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Educational policy analysis archives.
n Vol. 13, no. 29 (May 02, 2005).
Tempe, Ariz. :
b Arizona State University ;
Tampa, Fla. :
University of South Florida.
c May 02, 2005
Antecedents and consequences of residential choice and school transfer / Toni Falbo, Robert W. Glover, W. Lee Holcombe [and] S. Lynne Stokes.
Arizona State University.
University of South Florida.
t Education Policy Analysis Archives (EPAA)
E DUCATION P OLICY A NALYSIS A RCHIVES A peer reviewed scholarly journal Editor: Sherman Dorn College of Education University of South Florida Copyright is retained by the first or sole author, who grants right of first publication to the Education Policy Analysis Archives EPAA is published jointly by the Colleges of Education at Arizona State University and the University of South Florida. Articles are indexed in the Directory of Open Access Journals (www.doaj.org). Volume 13 Number 2 9 May 2, 2005 ISSN 1068 2341 Antecedents and Consequences of Residential Choice and School Transfer Toni Falbo The University of Texas at Austin Robert W. Glover The University of Texas at Austin W. Lee Holcomb e University of Texas at Dallas S. Lynne Stokes Southern Methodist University Citation: Falbo, T., Glover, R. W., Holcombe, W. L., & Stokes, S. L. (2005, May 2). Antecedents and c onsequences of r esidential c hoice and s chool t ransfer Education Policy An alysis Archives, 13 (29). Retrieved [date] from http://epaa.asu.edu/epaa/v13n29/. Abstract This article examines the antecedents and consequences of residential choice and school transfers within one of the eight largest urban school districts in Texas. T his study is based on survey data from a representative sample of parents of K 12 students enrolled in this district. In addition to demographic characteristics of the family, the parent decision making model of Schneider, Teske, & Marschall (2000) was ex amined to determine if aspects of this model were useful in understanding the school choices made at the beginning of the school year and the parents motivation to move to another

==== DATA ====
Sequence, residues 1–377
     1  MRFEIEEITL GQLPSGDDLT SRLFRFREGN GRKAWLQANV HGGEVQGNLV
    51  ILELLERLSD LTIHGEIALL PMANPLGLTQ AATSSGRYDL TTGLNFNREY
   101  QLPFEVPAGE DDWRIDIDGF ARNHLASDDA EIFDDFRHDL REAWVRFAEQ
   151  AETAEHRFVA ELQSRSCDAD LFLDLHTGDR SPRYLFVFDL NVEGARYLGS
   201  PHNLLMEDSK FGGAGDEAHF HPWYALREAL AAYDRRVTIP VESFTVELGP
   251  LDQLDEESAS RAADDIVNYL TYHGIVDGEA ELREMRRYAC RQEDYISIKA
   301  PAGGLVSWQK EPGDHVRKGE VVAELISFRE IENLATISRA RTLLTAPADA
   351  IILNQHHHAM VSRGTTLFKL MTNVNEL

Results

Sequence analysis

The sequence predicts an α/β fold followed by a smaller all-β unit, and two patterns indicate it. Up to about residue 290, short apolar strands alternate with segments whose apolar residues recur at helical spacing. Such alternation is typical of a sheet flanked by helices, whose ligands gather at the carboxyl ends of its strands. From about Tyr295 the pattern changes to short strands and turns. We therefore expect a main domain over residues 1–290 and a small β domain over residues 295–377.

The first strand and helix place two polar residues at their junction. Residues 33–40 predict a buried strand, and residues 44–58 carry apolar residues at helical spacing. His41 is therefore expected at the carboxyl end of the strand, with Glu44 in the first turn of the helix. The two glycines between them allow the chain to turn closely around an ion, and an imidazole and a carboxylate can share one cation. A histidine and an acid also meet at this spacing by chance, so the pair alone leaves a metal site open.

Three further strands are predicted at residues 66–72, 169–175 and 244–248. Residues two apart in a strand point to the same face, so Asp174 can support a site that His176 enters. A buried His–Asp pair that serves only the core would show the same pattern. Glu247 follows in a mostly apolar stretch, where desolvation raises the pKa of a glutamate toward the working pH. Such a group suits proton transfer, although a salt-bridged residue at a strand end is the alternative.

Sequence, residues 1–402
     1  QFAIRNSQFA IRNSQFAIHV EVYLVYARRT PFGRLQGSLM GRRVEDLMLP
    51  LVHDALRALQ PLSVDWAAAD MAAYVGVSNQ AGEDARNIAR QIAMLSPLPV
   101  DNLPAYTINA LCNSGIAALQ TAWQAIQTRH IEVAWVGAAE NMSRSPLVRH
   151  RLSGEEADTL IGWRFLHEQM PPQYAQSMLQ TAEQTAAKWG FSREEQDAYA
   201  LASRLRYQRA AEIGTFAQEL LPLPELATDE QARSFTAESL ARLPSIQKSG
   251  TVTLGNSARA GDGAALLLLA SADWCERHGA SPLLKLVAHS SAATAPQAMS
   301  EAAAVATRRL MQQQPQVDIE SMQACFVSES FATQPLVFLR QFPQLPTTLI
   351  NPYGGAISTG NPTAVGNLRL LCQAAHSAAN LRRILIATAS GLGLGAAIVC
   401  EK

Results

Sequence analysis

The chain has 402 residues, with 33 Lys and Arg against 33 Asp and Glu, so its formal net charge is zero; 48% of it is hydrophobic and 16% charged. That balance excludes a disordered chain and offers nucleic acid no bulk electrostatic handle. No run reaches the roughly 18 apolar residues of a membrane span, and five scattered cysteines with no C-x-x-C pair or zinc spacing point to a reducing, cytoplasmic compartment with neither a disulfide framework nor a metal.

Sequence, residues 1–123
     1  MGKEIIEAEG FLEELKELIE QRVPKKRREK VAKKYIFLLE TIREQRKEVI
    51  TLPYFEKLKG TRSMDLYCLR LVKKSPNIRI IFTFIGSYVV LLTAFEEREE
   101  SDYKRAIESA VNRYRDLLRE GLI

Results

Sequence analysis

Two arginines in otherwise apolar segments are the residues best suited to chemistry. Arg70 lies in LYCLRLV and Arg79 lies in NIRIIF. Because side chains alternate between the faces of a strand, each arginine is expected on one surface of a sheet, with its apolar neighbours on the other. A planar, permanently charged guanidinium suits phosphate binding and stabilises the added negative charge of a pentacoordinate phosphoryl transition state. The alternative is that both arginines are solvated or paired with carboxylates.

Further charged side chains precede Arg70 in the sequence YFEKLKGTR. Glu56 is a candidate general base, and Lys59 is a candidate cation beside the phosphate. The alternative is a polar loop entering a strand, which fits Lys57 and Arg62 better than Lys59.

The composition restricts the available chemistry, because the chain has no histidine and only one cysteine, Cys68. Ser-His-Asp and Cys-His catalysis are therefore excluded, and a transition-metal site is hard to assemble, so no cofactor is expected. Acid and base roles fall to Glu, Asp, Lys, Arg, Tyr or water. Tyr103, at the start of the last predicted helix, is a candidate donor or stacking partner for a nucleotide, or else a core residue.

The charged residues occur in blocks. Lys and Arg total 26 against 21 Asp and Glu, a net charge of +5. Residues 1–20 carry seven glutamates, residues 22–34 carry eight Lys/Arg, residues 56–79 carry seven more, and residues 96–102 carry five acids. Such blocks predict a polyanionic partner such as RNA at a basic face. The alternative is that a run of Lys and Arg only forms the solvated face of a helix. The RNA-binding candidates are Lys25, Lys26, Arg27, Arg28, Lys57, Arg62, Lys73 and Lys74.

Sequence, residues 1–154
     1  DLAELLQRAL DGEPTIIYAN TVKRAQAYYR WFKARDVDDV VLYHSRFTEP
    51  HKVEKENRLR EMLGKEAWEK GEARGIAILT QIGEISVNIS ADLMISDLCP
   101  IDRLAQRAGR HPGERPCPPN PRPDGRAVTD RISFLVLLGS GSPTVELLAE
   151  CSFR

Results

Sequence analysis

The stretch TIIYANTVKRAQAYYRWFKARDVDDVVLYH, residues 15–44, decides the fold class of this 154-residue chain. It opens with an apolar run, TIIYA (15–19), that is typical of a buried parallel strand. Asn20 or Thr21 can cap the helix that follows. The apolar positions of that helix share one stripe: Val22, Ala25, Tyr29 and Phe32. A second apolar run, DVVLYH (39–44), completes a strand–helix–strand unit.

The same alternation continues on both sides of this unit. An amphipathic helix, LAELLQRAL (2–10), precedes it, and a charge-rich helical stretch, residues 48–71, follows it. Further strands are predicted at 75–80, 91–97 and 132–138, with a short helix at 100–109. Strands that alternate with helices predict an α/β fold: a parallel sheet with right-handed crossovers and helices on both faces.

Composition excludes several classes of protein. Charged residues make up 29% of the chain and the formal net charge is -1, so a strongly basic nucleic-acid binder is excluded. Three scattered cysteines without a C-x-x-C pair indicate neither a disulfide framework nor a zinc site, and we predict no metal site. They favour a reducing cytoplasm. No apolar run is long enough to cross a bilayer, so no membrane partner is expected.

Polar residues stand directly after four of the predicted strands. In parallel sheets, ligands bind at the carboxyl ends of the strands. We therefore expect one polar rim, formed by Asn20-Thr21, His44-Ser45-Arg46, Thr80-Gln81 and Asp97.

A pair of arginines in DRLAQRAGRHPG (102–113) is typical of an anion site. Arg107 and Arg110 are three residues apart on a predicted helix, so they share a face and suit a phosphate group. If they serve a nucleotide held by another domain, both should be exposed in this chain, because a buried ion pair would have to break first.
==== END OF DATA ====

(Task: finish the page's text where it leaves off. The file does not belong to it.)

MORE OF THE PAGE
Education Policy Analysis Archives Vol. 13 No. 29 2 school at the end. The results provide some support for the view that resi dential choice is related to enhanced achievement and satisfaction; while, within district transfers were used more by better educated White parents who did not qualify as low income. Parents motivation to move their children to another school was greate r when they perceived the school as less receptive to their involvement and their children as less successful in school. Proponents of school choice emphasize the benefits of shifting power away from the educational bureaucracies running public schools toward the parents of primary and secondary school students by allowing parents more choice in the schools their children attend (Chubb & Moe, 1990; Friedman, 1955; Glass, 1994; Schneider, Teske, & Marschall, 2000). Parents are regarded as the group most likely to pressure schools to meet the needs of their children, and consequently, improve the overall quality of education provided by American schools (Howell, Peterson, Wolf, & Campbell, 2002; Schneider et al 2000). However, critics of school choice a rgue that many parents would make school choices based on the wrong criteria, such as the predominant social class of the students in a particular school or district, or make no choices at all (Ascher, Fruchter, & Berne, 1996; The Carnegie Foundation, 19 92). Consequently, critics argue that the full scale use of choice by parents might lead to greater stratification within U.S. primary and secondary schools, particularly in terms of socioeconomic status, race, and ethnicity (Gill, Timpane, Ross, & Brewer 2001; Howell et al 2002; The Carnegie Foundation, 1992). This article examines the extent to which a variety of demographic factors were related to the school choices of parents of students enrolled in an urban school district with a diverse student p opulation. This study is based on survey data from a representative sample of parents of K 12 th grade students collected at the end of their school year. In the present study, the schools within the district varied widely in terms of their proportion of low income students, ranging from under four percent to more than ninety percent. Likewise, the schools varied widely in terms of the proportion of non Hispanic White students, ranging from around three percent to over eighty percent. Stratification Par ents with the financial resources have been selecting their childrens schools by residential choice for many years (Howell et al 2002; Schneider et al 2000). Historically, middle or upper class parents have moved to neighborhoods served by better sch ools or sent their children to private schools (Henig & Sugarman, 1999). In 1993, for example, 40% of parents nationwide reported using residential location to gain access to good schools (NCES, 1997). School choice by residential choice has been widespr ead for many years, leading to substantial stratification of our public schools, by race, ethnicity, and socioeconomic status (Orfield & Lee, 2004). Because residential choice was common in the district we studied, we asked parents to gauge the extent to which they had selected their neighborhood based on the quality of the schools serving that neighborhood. In the U.S., much of the stratification of public schools has resulted from middle and upper income parents leaving inner city public schools for subu rban ones (Howell et al 2002). In order to stem this flight of higher income families, many urban school districts allowed parents to transfer their children to within district schools other than the ones they